In hospitals and clinics worldwide, medical device surfaces have become a rapidly growing source of nosocomial infections. Almost immediately after adhering to a device surface, bacteria can begin to form a biofilm, which makes the infection especially difficult to treat and often necessitates device removal. Adding to the severity of this problem is the spread of bacterial genetic tolerance to antibiotics, in part demonstrated by the recent and significant increase in the prevalence of methicillin-resistant Staphylococcus aureus (MRSA).
Nanomaterials are beginning to be used for a wide variety of biomedical applications due to their unique surface properties which have the ability to control initial protein adsorption and subsequent cell behavior. This “nanoroughness” gives nanomaterials a greater functional surface area than conventional materials, which do not have significant features on the nanoscale. In addition, it is theorized that nanoparticles may also have general mechanisms of toxicity towards bacteria that do not cause problems for mammalian cells.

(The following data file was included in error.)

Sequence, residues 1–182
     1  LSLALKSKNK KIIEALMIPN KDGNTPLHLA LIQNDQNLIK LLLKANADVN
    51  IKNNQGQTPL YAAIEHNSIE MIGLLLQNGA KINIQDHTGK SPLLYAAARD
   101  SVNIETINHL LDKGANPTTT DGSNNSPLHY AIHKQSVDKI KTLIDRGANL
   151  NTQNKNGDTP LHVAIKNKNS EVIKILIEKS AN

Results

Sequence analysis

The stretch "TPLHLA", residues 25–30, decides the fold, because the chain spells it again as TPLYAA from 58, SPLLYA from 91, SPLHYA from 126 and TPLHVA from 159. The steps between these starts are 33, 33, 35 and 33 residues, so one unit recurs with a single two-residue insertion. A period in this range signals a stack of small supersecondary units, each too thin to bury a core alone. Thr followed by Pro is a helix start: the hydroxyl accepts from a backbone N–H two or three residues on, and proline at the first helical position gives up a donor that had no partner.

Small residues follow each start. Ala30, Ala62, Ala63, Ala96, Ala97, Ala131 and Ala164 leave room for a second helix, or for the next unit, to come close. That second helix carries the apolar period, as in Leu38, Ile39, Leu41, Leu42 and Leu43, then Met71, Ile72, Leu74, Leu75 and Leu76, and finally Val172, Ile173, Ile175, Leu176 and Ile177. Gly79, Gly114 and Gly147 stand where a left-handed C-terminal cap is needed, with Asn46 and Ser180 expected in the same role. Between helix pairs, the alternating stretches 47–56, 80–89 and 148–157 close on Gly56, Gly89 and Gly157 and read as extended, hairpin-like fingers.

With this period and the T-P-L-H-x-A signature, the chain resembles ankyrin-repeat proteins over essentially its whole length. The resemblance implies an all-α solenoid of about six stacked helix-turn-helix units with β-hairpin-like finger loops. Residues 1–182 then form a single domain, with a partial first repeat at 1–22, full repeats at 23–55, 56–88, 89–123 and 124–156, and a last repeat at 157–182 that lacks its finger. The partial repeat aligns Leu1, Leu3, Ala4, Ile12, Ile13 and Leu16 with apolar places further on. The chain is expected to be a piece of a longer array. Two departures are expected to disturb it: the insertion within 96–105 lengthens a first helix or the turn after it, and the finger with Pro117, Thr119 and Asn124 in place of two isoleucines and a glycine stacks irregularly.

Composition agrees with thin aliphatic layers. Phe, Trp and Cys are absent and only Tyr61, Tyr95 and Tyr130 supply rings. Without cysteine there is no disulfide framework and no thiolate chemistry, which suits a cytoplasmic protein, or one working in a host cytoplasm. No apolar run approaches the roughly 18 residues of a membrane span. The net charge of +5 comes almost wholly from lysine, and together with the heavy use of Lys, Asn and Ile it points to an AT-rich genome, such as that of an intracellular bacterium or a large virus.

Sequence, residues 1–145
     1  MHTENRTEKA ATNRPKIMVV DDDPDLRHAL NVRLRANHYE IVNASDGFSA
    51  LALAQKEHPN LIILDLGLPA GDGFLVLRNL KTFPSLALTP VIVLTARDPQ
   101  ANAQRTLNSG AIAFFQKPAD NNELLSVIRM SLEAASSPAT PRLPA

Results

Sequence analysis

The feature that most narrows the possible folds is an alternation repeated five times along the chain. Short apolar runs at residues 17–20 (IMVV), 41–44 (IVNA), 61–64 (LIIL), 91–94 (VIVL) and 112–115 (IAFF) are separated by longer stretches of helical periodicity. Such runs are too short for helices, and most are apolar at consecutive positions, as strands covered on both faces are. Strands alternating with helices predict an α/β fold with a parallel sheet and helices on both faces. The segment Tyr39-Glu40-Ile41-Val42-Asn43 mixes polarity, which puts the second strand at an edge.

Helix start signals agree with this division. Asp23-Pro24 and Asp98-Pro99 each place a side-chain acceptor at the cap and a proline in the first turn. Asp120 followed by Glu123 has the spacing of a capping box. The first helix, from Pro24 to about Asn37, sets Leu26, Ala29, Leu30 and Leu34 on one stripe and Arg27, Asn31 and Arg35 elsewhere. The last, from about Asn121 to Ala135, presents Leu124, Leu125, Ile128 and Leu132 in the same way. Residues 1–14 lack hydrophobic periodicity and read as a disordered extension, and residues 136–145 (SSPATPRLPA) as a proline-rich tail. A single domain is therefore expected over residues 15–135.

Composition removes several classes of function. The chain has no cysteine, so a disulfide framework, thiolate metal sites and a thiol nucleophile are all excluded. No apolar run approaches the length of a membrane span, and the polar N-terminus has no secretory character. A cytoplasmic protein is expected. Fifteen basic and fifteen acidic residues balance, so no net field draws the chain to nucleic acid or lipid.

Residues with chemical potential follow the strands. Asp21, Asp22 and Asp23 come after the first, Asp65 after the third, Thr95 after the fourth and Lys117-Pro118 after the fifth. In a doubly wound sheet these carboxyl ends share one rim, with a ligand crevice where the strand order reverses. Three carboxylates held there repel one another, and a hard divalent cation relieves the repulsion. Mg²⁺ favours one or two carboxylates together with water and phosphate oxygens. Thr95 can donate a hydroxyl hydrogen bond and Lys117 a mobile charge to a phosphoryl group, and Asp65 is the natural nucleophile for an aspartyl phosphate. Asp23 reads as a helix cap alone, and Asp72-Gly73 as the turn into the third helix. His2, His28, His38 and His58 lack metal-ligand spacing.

The objective of the present in vitro study was to develop a nanocomposite material by embedding conventional polyvinyl chloride (PVC) with zinc oxide nanoparticles through a simple and inexpensive procedure. The effect of different nanoparticle sizes and %wts were investigated. Results demonstrated that this technique significantly decreased S. aureus density and biofilm formation without the incorporation of antibiotics or other pharmaceuticals, as well as increased the adhesion of human fibroblast cells. Thus, this material could have much promise for use in the manufacture of common implanted medical devices.